At my new office, I got to know a few people and among them is a woman ("Alice" for simplicity). I could call all of them acquaintances including Alice.

I usually greet Alice outside of work, with a smile or "How are you?". I usually do not greet her while I am at work. I say this because her desk is just after mine, she passes me each time she comes back in after taking a break and it kind of feels weird to smile at her each time.

Today, it so happened that I finished my work and I was looking for my supervisor, so I could inform him that I was leaving for the day. He was in a meeting, so I kept looking behind me to see if he was done. While doing this, Alice left her desk and walked in front of me to . I did not greet her, even though I caught her eye, I just turned back to my computer screen awkwardly and I kind of felt like she was expecting me to smile or acknowledge her because she turned away awkwardly too.


I felt terrible after this. Most of all, I felt guilty that I didn't smile because I thought she expected it.

Should I apologize to Alice for this incident?
Or am I reading too much into this and let it go?
What is the best way to handle such a situation?


Upon @Catija's suggestion , I would like to add that I usually don't greet Alice during work because it might be taken as a sign of romantic interest by other colleagues .

  • 2
    Why don't you greet her at work when you do greet her outside work? If I were Alice this would seem very confusing.
    – Catija
    Sep 27, 2017 at 18:10
  • @catija I have done that a couple of times , only if she makes eye contact. Also since it's an open office , if I say hi , it attracts attention to me from my coworkers nearby .
    – Bharath
    Sep 27, 2017 at 19:06
  • 2
    Is this a cultural concern? Why are you afraid to say hello to her and "attract attention"? I have male coworkers I chat with all the time about completely non-work-related topics.
    – Catija
    Sep 27, 2017 at 19:10
  • 1
    That seems like information that is valuable to add to your question. We don't all come from cultures that are like that.
    – Catija
    Sep 27, 2017 at 19:17
  • 4
    It's not generally polite to call an adult a "girl," especially if you are approximately equal in age. Sep 27, 2017 at 20:54

2 Answers 2


You seem to be reading way too much into it. While it's possible/probable that there was awkwardness about this situation it isn't that big of a deal and apologising for it likely will make it worse, since it would add a lot of importance to something most people would forget in five minutes.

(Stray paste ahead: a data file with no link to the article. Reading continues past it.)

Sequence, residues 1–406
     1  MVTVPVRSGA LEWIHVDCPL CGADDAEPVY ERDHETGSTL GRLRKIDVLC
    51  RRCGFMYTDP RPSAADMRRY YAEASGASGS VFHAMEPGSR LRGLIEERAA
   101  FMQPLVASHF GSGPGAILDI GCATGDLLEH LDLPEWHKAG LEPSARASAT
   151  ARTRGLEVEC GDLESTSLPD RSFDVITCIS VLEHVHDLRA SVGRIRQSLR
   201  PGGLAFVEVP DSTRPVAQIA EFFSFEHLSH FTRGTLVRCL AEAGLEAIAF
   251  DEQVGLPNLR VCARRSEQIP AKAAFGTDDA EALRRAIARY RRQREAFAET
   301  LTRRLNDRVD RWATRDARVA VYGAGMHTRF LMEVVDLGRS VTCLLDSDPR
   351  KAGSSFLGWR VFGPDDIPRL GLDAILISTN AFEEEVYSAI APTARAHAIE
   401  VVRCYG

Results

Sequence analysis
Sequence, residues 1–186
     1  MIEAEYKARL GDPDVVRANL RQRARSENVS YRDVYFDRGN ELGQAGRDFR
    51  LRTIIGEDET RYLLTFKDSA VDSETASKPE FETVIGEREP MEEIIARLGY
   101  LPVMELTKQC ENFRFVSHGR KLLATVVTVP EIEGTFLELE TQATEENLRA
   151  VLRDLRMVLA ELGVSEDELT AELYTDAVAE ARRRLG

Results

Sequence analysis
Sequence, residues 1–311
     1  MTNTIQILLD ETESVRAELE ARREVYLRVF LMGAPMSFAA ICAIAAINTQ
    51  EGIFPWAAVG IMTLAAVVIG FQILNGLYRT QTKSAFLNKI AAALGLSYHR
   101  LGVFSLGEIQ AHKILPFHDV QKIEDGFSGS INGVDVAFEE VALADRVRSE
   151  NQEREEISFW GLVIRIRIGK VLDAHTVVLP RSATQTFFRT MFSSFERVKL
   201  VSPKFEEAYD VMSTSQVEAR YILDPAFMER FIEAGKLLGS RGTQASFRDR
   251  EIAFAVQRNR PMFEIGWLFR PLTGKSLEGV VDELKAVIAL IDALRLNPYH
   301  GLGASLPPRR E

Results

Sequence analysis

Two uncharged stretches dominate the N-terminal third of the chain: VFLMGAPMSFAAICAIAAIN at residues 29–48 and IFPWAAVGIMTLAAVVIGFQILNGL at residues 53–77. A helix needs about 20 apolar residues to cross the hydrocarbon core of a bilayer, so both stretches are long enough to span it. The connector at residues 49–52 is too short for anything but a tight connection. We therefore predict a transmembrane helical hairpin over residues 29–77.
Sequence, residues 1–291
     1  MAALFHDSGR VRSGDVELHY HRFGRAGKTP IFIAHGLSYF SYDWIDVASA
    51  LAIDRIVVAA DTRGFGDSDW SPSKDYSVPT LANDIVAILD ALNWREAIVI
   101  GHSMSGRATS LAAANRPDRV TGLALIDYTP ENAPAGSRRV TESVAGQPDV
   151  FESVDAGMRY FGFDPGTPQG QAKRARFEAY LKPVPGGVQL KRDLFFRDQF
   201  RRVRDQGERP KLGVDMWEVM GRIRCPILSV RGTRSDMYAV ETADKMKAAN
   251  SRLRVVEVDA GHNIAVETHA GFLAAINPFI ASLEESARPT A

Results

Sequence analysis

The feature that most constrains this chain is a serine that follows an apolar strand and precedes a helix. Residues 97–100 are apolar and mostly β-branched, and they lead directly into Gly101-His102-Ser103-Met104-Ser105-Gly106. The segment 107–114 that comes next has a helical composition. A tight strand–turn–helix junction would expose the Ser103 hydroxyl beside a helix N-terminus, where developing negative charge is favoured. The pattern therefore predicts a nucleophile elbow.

If you feel bad, just make sure you are more consistent about acknowledging Alice in the future


Well, of course, you see people walking by your desk when there is an open office plan. I'm working in one of those offices as well. I'm from the Netherlands, and there is actually a sort of rhythm to greeting:

  • When you arrive at work, you greet the people that are already near your own desk. People that arrive later greet you, and you acknowledge them back. This is often a simple:

    Person arriving: Good morning Everybody!
    Persons already at their desk: Good morning/ Hello/ Hi / nothing if they are busy.

  • When you leave for the day, you say goodbye to the colleagues seated near you.

    Person leaving: Well, I'm going, see you tomorrow / Goodbye, everybody.
    Persons still at their desk: See you tomorrow / Goodbye / nothing if they are busy.

    Don't shout out, just a normal tone of voice, and no long sentences, this goes for both greeting and leaving. This makes it easier for those people that are busy to ignore you. And modify your greeting according to the level of 'officialness' your office has.

  • When making eye contact, I smile if the person walking by smiles first. I nod if the person walking by nods first. I greet if the person walking by greets me. And if they do that 3 times a day, I make a witty reply to the 3rd greeting, it usually stops after that. If the other person keeps on walking, I turn my head and burrow back into my three screens.

I don't know if you arrive/leave before Alice or not, but this is generally the way things are handled in my office. No need to greet her when she's walking by during the day, but make sure you greet her at these two moments. And acknowledge her if she catches your eye and smiles at you/nods. If Alice arrives after you do/ leaves before you do, you could make it a habit of greeting her if she doesn't greet you. That should make it clear that you are more than willing to acknowledge her, without it becoming awkward (read: 20 greetings a day).

I think the specific incident you mentioned may have been awkward, but certainly not of a caliber that you need to apologize for it. Often, an apology for a very minor thing is even more awkward than the minor thing itself --> it turns a mosquito into an elephant (Dutch saying, about making a little problem something bigger than it actually is).

If you're greeting Alice upon arriving to and leaving work, you're good to go!.

  • 1
    We say en.wikipedia.org/wiki/Make_a_mountain_out_of_a_molehill in Australia (re: mosquito and elephant)
    – HankCa
    Sep 28, 2017 at 7:37
  • Thank you for your detailed insight +1 . I mostly follow everything you say here generally and I guess you are right in saying that there is no need to apologize
    – Bharath
    Sep 28, 2017 at 8:05
  • @Bharath In fact, apologising would most likely make things worse since you'd be attaching a lot of emotional weight to something that normally isn't worth that much.
    – Cronax
    Sep 28, 2017 at 9:16

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